California Gov. Gavin Newsom wasted no time taking steps to fulfill his campaign promise to lower the price of prescription drugs. One of his first actions as governor was to sign an executive order proposing a plan to allow the state to negotiate directly with drug manufacturers.
The proposal would allow the state Department of Health Care Services to negotiate drug prices on behalf of more than 13 million Californians covered by Medi-Cal. Newsom also wants all other state agencies that purchase drugs — covered state workers and prisoners, for example — to take part in the single-purchaser system.
Newsom’s executive order also calls for the Department of General Services to develop a way to allow private purchasers — small businesses, health plans and the self-insured — to participate.
“We think this is a significant step forward,” Newsom said in a video address announcing the proposal. “It’s the right thing to do, and I recognize deeply the anxiety so many of you feel around the issues related to the cost of prescription drugs, and I hope California’s efforts here can lead the way for other states to consider the same.”
Prescription drug prices have increased dramatically in recent years. Newsom’s executive order said state spending on prescription drugs has increased 20 percent per year since 2012, and spending on the 25 most expensive drugs account for half of the state prescription drug expenses.
Several life-saving drugs have seen prices double, triple or worse. Insulin, for example, tripled in price between 2002 and 2013, and has gone up even more since.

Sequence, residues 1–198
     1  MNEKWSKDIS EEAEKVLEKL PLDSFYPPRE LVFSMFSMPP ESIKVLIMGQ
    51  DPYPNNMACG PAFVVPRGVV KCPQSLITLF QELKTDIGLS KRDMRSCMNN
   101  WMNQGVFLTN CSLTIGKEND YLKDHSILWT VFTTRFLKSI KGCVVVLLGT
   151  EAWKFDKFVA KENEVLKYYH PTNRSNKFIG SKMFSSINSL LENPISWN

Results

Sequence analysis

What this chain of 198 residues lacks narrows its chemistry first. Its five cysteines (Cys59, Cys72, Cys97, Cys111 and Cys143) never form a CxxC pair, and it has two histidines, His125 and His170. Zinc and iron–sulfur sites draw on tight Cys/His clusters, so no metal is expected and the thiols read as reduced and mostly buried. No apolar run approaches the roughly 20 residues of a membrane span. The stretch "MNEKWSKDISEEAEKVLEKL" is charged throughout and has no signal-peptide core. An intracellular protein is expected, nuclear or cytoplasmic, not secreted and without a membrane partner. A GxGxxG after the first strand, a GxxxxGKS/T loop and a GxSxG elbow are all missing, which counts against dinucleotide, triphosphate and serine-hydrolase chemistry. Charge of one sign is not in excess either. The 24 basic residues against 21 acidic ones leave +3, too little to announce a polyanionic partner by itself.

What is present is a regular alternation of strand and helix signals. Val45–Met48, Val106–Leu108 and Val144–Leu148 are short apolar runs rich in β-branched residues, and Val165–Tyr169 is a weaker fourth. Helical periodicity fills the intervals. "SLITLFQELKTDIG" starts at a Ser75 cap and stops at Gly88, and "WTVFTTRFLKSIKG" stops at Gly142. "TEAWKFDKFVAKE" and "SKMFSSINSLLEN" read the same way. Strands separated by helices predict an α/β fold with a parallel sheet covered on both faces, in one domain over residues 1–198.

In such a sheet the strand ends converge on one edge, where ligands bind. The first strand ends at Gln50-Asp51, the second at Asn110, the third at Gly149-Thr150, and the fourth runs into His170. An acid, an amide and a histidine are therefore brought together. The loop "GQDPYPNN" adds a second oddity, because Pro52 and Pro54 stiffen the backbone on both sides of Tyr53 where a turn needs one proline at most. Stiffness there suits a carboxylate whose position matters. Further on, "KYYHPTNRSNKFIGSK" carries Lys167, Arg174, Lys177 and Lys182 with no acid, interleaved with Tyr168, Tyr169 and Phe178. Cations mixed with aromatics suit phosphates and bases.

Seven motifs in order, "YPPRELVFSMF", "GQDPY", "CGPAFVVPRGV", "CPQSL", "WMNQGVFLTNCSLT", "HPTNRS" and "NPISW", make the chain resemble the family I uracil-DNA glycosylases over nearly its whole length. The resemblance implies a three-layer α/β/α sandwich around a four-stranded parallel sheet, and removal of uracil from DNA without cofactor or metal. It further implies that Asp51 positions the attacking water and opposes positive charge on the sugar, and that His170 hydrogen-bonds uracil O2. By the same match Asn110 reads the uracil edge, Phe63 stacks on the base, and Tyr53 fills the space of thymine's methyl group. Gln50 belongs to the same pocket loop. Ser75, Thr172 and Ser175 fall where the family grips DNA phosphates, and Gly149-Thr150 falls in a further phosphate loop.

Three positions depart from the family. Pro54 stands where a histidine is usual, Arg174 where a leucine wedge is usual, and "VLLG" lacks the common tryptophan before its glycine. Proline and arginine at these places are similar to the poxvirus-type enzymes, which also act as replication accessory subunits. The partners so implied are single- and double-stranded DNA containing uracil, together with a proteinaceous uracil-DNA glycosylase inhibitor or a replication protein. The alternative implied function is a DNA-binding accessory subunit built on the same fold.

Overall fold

This single-purchaser program could save California — and Californians — hundreds of millions of dollars by using huge buying power to negotiate lower prices. A similar New York law allowed state officials to cut deals that saved the state $175 million last year.
The proposal is like an idea once embraced by Donald Trump to allow Medicare to negotiate drug prices, something federal law now forbids. As with Newsom, Trump made changing that a campaign promise.
Unlike Newsom, he failed to deliver. Instead, he proposed allowing drug companies to exclude more drugs from coverage in the hope that would encourage them to lower prices. Unsurprisingly, that hasn’t worked. Neither, apparently, have scolding tweets from the president.
Trump suggested another approach on the eve of the midterms, a demonstration project that would have Medicare establish an “international pricing index” to use as a benchmark in determining how much to pay for drugs covered under Medicare Part B — mostly drugs administered in a doctor’s office.
Not much has been heard about that plan since the election. Given the inevitable pushback from the pharmaceutical industry and Trump’s history of bowing to such pressure, we’d be surprised if anything more comes of it.
Besides, the reason that drug prices tend to be lower in other countries is because those countries do negotiate with drug companies. Eliminating the prohibition against that for Medicare would be far simpler and far more effective.
Perhaps if the California model proves successful and lowers drug prices for millions of Californians, Congress will gain the courage to stand up to Big Pharma and finally allow Medicare to use its massive purchasing power to lower prices for consumers nationwide.